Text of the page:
Sutton Coldfield Green Belt Development To Go Ahead
Up to 6,000 new homes on Sutton Coldfield green belt has been given the go ahead.
The massive new development at Langley in Sutton Coldfield is part of the Birmingham Development Plan (BDP) which can be formally adopted and approved by Birmingham City Council, the Government has confirmed.
The BDP sets out a 15-year strategy to deliver thousands of new homes and jobs across the city and met with opposition from Sutton Coldfield residents.
Housing Minister Gavin Barwell lifted a Holding Direction which prevented the BDP from progressing pending further investigation into proposals to earmark land in the Sutton Coldfield green belt for housing and employment purposes.
Mr Barwell said he agreed the scale of unmet housing demand in Birmingham was “exceptional and possibly unique”. The Housing Minister said he saw no reason to disagree with the conclusions an Inspector appointed to consider the plan reached that the BDP was consistent with National Planning Policy and should be adopted.
The BDP sets out proposals to address the city’s housing crisis by building 51,000 homes in Birmingham, including up to 6,000 at Langley in Sutton Coldfield.
Birmingham City Council has promised that the new homes will be supported by exemplar infrastructure and facilities and the development will achieve the highest standards of design and sustainability, and be integrated into the existing community.
The green belt land was identified following a thorough city-wide search to identify possible locations for new homes on previously developed land, known as brownfield sites.
All brownfield land in Birmingham with potential for housing development was considered through the city council’s Strategic Housing Land Availability Assessment to see whether sites were suitable for housing, how much they could accommodate, and when development was likely to take place.
Research by the council concluded that 89,000 new homes are required over the next 15 years to address an acute housing shortage and meet the needs of Birmingham’s growing population.
Councillor John Clancy, the Leader of Birmingham City Council, said:
“This is excellent news because it means we can now get on with the vital task of building homes and delivering the jobs that our fast-growing population so desperately needs.
“This is an ambitious plan for growth which will deliver 51,100 new homes and significant new employment opportunities. It is an important step forward that, having reviewed the robustness of Plan, the Government has supported the conclusions of the Planning Inspector and recognised the need to release Green Belt to help meet our housing and employment land needs.”
Waheed Nazir, Strategic Director of Economy at Birmingham City Council, said:
“Removing the Holding Direction is an important decision both for the city and the wider UK in terms of our ability to deliver housing growth. We therefore welcome the Secretary of State’s endorsement of the Plan and recognition we have taken a robust approach that is consistent with national policy”.
In response Suzanne Webb of Project Fields said:
“The decision is extremely bad news not just for our Royal Town but for those in the rest of England who are facing such ill thought out plans. The government and our City Council have just seen ‘house crisis’ they haven’t understood the physical impact of the developments on already constrained infrastructure.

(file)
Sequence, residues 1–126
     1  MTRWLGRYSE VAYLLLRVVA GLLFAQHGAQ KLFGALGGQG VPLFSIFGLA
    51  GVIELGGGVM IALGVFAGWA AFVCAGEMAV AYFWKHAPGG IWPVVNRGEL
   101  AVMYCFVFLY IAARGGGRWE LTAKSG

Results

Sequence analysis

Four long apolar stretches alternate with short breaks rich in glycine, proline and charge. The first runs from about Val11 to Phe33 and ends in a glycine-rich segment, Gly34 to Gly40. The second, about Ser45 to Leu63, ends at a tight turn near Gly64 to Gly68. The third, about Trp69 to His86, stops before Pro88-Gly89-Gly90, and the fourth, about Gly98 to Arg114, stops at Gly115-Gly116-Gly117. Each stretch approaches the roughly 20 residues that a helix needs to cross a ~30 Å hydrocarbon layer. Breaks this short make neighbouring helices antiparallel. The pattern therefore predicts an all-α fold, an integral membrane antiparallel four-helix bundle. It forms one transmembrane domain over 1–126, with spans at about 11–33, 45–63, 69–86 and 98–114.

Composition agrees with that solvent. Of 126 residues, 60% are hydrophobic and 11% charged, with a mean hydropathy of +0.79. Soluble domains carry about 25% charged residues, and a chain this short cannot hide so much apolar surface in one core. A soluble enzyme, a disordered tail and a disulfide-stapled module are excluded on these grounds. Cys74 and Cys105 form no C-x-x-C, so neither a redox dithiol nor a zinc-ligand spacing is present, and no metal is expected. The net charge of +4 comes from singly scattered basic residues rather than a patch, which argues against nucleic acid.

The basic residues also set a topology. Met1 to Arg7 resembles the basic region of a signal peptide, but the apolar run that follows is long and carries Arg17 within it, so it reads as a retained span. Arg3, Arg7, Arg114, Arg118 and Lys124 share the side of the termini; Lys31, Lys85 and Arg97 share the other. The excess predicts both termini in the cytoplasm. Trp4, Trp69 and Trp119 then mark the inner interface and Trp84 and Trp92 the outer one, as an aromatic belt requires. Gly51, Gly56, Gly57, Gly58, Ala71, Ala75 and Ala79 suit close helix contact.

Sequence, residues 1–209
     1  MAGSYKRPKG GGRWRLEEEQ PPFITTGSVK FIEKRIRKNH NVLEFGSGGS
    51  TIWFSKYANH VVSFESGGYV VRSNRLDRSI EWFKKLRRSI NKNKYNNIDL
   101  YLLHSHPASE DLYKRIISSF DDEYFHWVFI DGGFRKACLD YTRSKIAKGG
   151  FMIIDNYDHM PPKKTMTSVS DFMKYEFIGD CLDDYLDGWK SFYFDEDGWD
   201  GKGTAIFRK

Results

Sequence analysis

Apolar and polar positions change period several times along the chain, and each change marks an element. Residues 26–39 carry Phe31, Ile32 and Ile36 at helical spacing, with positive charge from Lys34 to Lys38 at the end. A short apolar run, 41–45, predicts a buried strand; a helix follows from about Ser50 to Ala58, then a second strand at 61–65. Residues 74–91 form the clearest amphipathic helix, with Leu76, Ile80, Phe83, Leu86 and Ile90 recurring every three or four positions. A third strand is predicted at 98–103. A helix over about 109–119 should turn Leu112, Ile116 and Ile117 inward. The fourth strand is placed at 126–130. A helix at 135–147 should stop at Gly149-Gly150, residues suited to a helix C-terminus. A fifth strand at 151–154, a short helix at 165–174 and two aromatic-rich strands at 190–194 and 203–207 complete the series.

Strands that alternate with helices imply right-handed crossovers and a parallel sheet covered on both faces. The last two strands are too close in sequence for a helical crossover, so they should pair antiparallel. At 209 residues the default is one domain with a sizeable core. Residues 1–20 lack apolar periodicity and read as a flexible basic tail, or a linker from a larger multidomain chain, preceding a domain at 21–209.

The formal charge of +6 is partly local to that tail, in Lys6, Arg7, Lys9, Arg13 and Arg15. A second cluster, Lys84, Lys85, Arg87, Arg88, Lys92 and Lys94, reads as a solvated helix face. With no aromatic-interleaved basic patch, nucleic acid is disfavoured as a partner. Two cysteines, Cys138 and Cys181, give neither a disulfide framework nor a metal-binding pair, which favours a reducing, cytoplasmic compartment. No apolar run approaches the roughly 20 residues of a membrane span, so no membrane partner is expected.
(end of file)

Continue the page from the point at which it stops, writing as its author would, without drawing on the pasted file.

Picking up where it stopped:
“The City Council have not got the funding for the infrastructure and using development funding on the site won’t yield a return for years. This is desk based planning at its worst.
“The City Council have not seen the bigger picture and they are just cramming houses in what space they can find. They can only fit 45,000 on brownfield sites, because of this 6,000 has to go on green belt. They have a shortfall of 38,000 to meet the 89,000 demand by 2031. This can only be met outside the boundaries. So I think the maths on that is simple, come 2031 we will be at capacity and no more houses can be built in Birmingham. So what will they do then?
“If the City Council were visionary and had our interests at heart they would realise they should be planning now within the new combined West Midlands authority to build a new town, a garden city and not removing all open space and just cramming homes in because ‘houses need to be built’. They should be doing an audit of all available brownfield land in the region, looking at regeneration and putting the jobs and homes in areas where they need them. Not seven miles outside the city.
“The key word that is missing in this perceived housing crisis is planning. I don’t see any.
“No one disagrees with the fact that we need houses and that we need them built faster, but the decision to build here is denying people the houses in the right place with the right infrastructure.
“Difficult decisions will always be made about the green belt and it can be an emotional issue – but our argument is this, Birmingham City Council did not present a plan, but knee jerk reaction to a housing crisis. Leader of the City Council, John Clancy has demonstrated this as he talks of the young growing city, that it needs to work for those people, yet he proposes to build a small town on the side of Sutton Coldfield where the houses will have an average price of £350,000, is this really working for those people?
“The decision to build is based on the simple fact a cash-strapped City Council own much of the land in Walmley.
“This plan will fail to address the ‘housing crisis’.
“What we have is a lack of coherent planning and a clear misuse and disregard for the Green Belt.
“What we also have is a planning system that does not work for everyone .It works for the privileged few the developers and landowners. In this instance the City Council as they own a significant area of the land.”
The BDP is expected to be formally adopted by Birmingham City Council early next year.